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This thesis is a study of a New Orleans subculture: the Creoles of color. The historical, participant-observer and empirical methods were used in the compilation of data.

The Creoles of color are the descendants of free people of mixed French and African ancestry who share the vestiges of the French culture of Louisiana known as Creole.

The first part of the study deals with the, socio-historical emergence and development of this subculture. Its evolution is traced as New Orleans shifted from a Franco-Spanish regime to American control and faced the crisis of the Civil War. Emancipation resulted in the loss of the privileged status the Creole of color had enjoyed in a slave society. This is considered the crucial factor which has shaped the attitudes of this group to the present. Rather than be identified as a Negro, the Creole chose to isolate himself in an attempt to maintain a superior status. With time social distance between the Creole and the Negro gradually lessened and the rapid social changes which have occurred since World War II has brought about a further rapprochement.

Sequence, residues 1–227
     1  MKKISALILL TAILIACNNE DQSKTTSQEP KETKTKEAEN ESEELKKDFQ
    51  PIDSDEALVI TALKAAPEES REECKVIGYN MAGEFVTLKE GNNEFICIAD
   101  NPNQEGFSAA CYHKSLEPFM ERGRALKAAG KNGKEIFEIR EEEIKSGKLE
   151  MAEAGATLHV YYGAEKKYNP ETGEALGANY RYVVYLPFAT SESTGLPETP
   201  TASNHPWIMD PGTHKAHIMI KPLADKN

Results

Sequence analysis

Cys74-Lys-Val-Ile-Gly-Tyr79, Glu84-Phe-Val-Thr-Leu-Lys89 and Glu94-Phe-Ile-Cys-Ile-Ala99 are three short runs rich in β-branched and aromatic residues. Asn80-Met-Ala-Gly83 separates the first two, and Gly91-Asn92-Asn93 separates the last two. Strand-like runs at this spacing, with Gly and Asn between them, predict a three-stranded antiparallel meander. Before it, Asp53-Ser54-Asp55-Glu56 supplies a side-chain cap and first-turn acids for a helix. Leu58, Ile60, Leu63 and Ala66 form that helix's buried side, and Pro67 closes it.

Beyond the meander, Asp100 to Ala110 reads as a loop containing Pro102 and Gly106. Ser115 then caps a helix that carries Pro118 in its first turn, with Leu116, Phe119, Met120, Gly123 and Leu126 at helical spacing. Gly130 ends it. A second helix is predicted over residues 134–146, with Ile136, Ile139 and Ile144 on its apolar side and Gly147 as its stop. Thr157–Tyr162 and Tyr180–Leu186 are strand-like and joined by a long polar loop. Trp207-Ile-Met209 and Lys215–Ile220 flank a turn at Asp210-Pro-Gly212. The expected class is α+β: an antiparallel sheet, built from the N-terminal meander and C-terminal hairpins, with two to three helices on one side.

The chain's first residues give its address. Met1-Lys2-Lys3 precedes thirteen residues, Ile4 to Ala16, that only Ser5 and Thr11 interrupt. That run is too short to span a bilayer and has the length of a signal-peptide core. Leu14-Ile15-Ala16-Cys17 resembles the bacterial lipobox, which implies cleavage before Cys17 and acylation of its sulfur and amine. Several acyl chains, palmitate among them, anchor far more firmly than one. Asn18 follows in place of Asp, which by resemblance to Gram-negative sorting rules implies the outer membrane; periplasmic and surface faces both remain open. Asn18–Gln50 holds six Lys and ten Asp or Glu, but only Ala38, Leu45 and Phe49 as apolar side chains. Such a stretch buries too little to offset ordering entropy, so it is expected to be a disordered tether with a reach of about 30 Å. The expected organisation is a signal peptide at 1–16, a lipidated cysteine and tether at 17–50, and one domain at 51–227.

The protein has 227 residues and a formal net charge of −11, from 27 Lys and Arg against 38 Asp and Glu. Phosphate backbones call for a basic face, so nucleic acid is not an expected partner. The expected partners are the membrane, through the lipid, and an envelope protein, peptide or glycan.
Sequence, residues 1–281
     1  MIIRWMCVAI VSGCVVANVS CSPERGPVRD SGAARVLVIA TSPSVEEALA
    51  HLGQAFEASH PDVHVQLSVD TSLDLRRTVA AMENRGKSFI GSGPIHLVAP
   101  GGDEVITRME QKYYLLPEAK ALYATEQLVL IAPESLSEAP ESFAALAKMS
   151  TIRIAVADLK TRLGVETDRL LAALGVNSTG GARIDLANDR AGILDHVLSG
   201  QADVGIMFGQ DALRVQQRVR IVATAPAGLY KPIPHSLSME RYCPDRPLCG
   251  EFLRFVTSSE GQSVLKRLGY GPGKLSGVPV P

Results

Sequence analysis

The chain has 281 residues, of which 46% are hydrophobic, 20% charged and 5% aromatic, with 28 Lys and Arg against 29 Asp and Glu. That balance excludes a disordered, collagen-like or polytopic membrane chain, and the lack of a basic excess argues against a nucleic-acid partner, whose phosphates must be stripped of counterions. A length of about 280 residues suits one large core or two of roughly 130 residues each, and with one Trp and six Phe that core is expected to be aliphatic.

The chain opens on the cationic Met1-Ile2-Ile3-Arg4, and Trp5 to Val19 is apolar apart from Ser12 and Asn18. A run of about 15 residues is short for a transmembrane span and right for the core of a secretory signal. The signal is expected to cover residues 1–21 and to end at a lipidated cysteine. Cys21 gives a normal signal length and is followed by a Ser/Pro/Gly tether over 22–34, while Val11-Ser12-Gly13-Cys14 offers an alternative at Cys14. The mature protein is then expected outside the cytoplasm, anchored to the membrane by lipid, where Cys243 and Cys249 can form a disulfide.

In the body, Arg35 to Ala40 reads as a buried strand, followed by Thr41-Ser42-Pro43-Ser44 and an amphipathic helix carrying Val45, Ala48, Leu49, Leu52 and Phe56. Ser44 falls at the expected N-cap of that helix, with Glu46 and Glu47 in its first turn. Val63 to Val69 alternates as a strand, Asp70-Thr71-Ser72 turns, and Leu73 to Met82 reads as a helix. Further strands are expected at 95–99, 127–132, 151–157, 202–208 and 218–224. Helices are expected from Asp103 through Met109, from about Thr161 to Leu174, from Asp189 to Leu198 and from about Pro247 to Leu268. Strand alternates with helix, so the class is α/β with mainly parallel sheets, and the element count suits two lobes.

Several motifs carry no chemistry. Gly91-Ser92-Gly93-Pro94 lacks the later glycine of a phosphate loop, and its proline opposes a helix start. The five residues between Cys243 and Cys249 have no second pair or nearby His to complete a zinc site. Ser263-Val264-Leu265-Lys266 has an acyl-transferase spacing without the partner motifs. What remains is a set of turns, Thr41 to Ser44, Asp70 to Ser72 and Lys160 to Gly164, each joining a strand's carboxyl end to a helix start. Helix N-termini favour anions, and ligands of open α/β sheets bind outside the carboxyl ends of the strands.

Nonetheless, the French cultural orientation, the allegiance to the Catholic Faith, the absence of a background of slavery, the maintenance of traditional occupations and color consciousness play a significant role in distinguishing the Creoles as a separate class of New Orleans Negro society. The creole further perpetuates this exclusiveness by maintaining a private world of his own which includes his well-integrated family, church, and community. However, the creole culture is becoming too small to meet the growing needs of its members. Traditional Creole values and attitudes are changing. While the family, church and community act as agents of conservatism, political, educational and economic institutions are the primary agents of social change. In his public life the Creole is a Negro. In his private world he remains a Creole.